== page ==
Research into applying artificial intelligence methods in the Australian wool and sheep industry is being carried out in a bid to boost productivity and quality of the country’s wool supply.

Australian Wool Innovation, a not-for-profit organisation focused on enhancing the profitability, international competitiveness and sustainability of the Australian wool industry, together with Nextgen Agri Ltd, a genetic science firm that focuses on agriculture, and the University of Sydney, will investigate the potential of applying artificial intelligence (AI) in the sheep and wool industry.

The overall objective of the research project is to provide sheep breeders with tools to use advanced phenotypes and AI technologies. 

The “farm automation program” will be carried out via a number of initiatives. One of those includes working with researchers on the University of Adelaide’s eChallenge Wool Innovation project – a program that looks to support new innovations in the Australian wool industry – in order to boost productivity gains and improve the profitability of Australian wool.

Other initiatives will include making remote properties fully serviced with WiFi and linking this to smart tags.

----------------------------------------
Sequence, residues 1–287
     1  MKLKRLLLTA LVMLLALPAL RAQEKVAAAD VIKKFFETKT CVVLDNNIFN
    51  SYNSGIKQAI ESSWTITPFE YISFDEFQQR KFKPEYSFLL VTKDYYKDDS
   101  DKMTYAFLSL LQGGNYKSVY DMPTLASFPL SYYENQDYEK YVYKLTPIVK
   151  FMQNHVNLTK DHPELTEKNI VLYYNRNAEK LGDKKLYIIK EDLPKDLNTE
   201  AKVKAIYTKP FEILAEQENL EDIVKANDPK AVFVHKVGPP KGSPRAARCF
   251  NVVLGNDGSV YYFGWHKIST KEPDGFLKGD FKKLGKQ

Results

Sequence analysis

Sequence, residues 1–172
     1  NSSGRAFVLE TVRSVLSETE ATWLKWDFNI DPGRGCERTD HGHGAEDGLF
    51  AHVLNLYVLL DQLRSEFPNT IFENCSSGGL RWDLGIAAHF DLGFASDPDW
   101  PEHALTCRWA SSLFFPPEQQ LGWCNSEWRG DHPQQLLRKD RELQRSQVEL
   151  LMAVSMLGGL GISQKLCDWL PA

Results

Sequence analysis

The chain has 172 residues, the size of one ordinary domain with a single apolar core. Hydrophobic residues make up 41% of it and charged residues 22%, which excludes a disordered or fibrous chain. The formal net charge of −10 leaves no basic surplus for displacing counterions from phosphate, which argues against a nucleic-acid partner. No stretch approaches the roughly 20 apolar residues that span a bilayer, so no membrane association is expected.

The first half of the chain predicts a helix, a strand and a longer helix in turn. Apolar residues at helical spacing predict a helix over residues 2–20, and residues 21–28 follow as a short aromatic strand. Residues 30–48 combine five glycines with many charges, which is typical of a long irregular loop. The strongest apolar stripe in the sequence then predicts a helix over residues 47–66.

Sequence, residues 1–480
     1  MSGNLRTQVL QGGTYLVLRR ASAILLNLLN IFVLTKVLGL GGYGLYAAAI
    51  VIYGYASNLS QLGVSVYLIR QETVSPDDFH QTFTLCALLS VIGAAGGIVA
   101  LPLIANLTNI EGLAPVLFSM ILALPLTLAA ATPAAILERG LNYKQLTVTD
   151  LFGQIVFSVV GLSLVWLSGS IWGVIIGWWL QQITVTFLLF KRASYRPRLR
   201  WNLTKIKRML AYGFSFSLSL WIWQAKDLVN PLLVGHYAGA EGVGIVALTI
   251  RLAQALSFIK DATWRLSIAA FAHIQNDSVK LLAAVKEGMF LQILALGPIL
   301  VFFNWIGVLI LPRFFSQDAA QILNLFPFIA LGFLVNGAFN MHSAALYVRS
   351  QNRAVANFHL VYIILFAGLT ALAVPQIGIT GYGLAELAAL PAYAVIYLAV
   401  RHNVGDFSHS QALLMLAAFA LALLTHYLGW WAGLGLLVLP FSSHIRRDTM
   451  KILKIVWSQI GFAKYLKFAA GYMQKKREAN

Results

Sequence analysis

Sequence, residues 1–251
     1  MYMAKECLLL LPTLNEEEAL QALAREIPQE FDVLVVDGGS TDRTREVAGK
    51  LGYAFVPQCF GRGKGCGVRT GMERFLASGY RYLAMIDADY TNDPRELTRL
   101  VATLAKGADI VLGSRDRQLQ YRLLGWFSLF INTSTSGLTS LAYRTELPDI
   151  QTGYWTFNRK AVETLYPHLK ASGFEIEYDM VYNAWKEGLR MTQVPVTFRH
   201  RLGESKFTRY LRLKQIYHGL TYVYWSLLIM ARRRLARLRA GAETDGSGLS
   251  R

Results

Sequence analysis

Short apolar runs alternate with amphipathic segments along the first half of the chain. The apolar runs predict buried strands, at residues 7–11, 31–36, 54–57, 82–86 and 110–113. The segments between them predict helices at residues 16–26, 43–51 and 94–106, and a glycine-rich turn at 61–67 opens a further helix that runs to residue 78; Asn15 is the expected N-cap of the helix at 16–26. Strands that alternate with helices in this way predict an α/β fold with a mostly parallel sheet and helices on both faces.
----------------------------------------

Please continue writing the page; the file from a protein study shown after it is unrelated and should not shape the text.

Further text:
“This project, in partnership with Nextgen Agri, is just another approach to bringing technology on-farm. Exploring the potential use of artificial intelligence in everyday practises on-farm is an exciting and future focused prospect,” explains Dr. Jane Littlejohn, AWI’s general manager of research.

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“This project will provide a proof of concept that semi-automated images captured and combined with machine learning techniques can be used to determine identification through facial recognition, wrinkle scores, face cover and live-weight in sheep. The long-term goal of the project is to evaluate the use of advanced phenotypes and artificial intelligence technologies for the prediction of lifetime performance at young ages, management of performance changes in real time, and provide advanced highly predictive phenotypes as inputs for ongoing selection decisions,” she adds.

Mark Ferguson, Nextgen Agri project lead, says the potential of this project lies in the possibility of remote and automatic weighing and identification of animals without extensive infrastructure.

“This project will also lay the foundation for new and innovative ways to assess traits in sheep without additional time and effort from farm managers.”

Results from the project are expected to be analysed mid-2019.